November 29, 2012 in City

Jim Kershner’s this day in history

By Correspondent
 

From our archives, 100 years ago

An angry Spokane judge delivered a stern and impassioned lecture about a growing menace in Spokane: packs of boys threatening and harassing innocent people.

Judge George W. Stocker was holding an arraignment hearing for John R. Sallee, 20, charged with assault with a deadly weapon. A pack of boys had been attacking Sallee’s 15-year-old brother and had driven him into his home on East Sharp Avenue. The older Sallee went outside and fired off a shot, hitting a 15-year-old boy but not causing serious injuries.

The judge arraigned Sallee but was angriest at the pack of boys for inciting the problem in the first place.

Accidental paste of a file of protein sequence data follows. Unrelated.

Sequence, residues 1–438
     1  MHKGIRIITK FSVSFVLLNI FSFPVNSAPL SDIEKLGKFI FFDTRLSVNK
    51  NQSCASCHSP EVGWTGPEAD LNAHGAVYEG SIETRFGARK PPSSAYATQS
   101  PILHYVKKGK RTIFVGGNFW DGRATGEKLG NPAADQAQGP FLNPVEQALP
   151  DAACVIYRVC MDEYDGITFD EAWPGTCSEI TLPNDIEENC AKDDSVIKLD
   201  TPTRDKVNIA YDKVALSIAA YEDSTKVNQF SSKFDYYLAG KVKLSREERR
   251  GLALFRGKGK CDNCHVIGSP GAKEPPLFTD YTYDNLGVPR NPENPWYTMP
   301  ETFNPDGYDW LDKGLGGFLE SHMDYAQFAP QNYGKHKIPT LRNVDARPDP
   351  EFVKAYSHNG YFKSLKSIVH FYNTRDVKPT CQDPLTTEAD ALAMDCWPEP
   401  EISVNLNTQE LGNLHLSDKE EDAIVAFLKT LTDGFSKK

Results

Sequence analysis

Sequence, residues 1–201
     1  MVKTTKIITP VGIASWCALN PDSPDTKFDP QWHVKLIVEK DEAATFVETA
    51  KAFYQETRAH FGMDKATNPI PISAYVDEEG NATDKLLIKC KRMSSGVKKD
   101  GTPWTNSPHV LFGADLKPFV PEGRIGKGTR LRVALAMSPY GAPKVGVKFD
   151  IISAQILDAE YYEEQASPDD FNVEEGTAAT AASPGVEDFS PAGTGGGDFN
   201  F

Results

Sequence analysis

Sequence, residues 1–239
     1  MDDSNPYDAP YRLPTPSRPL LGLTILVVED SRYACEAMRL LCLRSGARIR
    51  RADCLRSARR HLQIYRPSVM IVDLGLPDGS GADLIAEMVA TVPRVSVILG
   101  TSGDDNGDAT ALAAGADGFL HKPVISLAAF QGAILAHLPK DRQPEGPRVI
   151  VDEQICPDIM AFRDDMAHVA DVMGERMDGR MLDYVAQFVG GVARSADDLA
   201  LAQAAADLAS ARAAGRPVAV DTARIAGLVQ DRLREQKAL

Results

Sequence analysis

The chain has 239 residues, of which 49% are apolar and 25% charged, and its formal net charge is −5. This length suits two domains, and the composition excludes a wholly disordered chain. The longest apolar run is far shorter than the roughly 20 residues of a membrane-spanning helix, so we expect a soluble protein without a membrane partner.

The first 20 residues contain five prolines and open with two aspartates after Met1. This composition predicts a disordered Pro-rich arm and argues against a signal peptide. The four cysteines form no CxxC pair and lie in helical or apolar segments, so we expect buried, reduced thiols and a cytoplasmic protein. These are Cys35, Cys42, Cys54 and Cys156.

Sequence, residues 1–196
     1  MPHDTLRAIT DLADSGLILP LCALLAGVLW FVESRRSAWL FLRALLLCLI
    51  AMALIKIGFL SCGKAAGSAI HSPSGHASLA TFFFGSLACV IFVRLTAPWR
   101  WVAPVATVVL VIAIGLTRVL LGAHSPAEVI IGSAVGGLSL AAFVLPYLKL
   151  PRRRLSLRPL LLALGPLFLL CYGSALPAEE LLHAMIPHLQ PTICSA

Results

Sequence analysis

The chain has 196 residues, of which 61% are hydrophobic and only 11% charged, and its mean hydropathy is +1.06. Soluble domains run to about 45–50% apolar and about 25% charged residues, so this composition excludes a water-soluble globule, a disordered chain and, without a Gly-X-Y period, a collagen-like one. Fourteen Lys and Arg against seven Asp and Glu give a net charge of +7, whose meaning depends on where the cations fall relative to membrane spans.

“This whole bunch of boys ought to be arrested and prosecuted,” said the judge. “If a man is not safe in his own home, it’s a sad state of affairs … . I’ve had just such a bunch come around my house and I know what it is like.”

From the marriage beat: Harry Yabuki, 23, and Miss Selvester Griffith, 20, breathed a sigh of relief at the Spokane County auditor’s office. They were applying for a marriage license and were informed that “there was nothing in the statutes of Washington to debar their marriage.”

He was a Japanese cook, and she was a white girl. They had previously attempted to get a license in a different, unnamed state and had been turned away.


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